Thursday, February 21, 2008

On the Joy of Reading Mail and Email, with Notes on Elephants

This morning, as I rode our stationary bike, I read an essay "Mail" by Anne Fadiman from her collection of familiar essays called At Large and At Small. According to Fadiman, familiar essays stake a position midway between critical essays and personal essays, taking elements of both and mixing them. Through history such essays have often had titles starting with the word "On." They might be serious, as "On Going to War with Thoughts of Peace" or "On the Passing of an Old Friend." They might be light, as "On Shopping for Silk Ties" or "On the Sinking of a Toy Boat." (Those were not real titles, so do not expect them in Fadiman's book.)

In the essay "Mail" Fadiman tells us about her father who eagerly anticipated receiving an extra large delivery of mail everyday by watching for the mail carrier to lift the flag on his jumbo mailbox. He had a large desk heavier than a refrigerator on which he would sort and answer the letters that brought surprises to his routine of reading and writing. From there Fadiman tells about the history of the British postal service. Before the reform of 1939, the recipient (not the sender) paid for the mail. Her hero Charles Lamb (who wrote familiar essays) was fortunate to work at a firm that would pay his postal fees, for it could drive you toward bankruptcy to receive lots of mail. The reform with its simplifying of fees was an important move for the development of the economy and culture of Great Britain. Fadimon turns then to her own joyous story of mail and email to complete the essay. Being sentimental, she has the stamp dispenser and the copper waste basket that her father used at his desk.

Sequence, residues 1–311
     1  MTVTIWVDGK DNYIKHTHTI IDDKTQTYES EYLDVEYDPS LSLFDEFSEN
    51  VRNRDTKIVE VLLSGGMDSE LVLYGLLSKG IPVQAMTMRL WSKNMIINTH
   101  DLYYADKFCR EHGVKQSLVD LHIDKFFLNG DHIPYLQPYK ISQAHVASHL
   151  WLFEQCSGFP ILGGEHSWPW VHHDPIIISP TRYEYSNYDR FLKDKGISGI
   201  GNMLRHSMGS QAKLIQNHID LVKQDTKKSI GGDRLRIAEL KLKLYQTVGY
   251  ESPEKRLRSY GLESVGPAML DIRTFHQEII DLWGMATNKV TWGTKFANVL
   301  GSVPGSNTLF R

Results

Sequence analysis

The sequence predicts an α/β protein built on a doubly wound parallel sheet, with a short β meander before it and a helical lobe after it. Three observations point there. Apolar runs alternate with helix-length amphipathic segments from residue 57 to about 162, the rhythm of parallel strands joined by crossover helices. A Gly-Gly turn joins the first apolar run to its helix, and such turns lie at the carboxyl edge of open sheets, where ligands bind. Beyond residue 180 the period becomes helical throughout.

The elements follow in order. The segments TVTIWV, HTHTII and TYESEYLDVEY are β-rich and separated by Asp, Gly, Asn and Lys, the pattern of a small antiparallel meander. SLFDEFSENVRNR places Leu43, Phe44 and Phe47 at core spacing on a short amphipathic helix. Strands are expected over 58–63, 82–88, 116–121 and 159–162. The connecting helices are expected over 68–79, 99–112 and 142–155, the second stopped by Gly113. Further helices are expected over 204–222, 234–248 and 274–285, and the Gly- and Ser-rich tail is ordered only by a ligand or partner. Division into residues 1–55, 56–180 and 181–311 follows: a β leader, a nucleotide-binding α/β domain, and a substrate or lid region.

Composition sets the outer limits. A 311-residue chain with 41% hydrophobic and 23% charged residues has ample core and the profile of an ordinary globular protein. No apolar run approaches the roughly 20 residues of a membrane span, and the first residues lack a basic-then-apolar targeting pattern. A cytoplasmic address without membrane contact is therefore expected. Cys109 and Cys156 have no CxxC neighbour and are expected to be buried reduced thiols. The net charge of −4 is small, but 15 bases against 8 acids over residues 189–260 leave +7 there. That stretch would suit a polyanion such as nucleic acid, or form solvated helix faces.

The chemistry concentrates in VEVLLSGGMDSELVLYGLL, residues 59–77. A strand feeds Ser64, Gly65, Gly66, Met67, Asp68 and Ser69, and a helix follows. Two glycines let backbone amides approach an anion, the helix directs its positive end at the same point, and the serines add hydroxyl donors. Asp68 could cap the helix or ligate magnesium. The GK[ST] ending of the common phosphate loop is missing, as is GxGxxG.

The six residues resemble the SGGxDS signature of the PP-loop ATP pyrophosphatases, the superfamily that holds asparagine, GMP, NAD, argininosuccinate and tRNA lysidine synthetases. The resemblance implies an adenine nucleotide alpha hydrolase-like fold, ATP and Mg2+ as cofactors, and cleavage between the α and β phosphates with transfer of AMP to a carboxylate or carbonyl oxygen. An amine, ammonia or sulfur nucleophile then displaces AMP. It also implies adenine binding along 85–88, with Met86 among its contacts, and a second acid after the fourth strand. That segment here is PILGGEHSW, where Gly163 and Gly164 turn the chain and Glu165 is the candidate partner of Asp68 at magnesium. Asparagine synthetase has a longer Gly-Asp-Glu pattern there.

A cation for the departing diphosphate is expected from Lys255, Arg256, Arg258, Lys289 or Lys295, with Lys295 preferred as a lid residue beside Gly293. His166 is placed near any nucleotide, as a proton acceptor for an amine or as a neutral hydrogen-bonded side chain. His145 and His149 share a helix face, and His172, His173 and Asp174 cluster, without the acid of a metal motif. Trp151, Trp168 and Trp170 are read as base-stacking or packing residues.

After reading the essay, still riding the bike, I picked up the newsletter from the David Sheldrick Wildlife Trust, which Bonnie receives via email as a foster parent of an orphan elephant in Kenya. I immediately realized that I was experiencing a joy of correspondence much like Fadiman. Bonnie and I look forward to the elephant news every month. The January newsletter is particularly interesting. Dr. Dame Daphne Sheldrick assures us that the political troubles in Kenya have not reached the elephant sanctuaries. Fewer visitors have come, but those who do have ready access to the orphans. Sheldrick tells us that an eye specialist came to examine the blind orphan rhino Maxwell and diagnosed that an operation would not restore his sight. The keepers are making a special enclosure for Maxwell for his health and safety. To help him still feel part of the community, they are bringing in dung from other rhinos. Isn’t that sweet! The newsletter also tells about a walk in the bush with young elephants and their guardians. When a leg from a warthog fell from a tree, they realized that they were right under a leopard and his dinner. They beat a hasty retreat. We never have stories like that in our library newsletter!

With her newsletter, Bonnie also gets excerpts from a keeper's diary to let her know how her orphan Zurura is doing. Lately he seems to be a regular cut-up, a bit of a show-off. He has also been taking lots of mud and dust baths. There were lots of great photos with the report but none of Zurura this time. She is hoping to see him in action if Animal Planet will ever show the second season of Elephant Diaries.

You may also get this entertaining email by adopting an elephant at the David Sheldrick Wildlife Trust website. It will add nicely to your letters from family, friends, and lovers.

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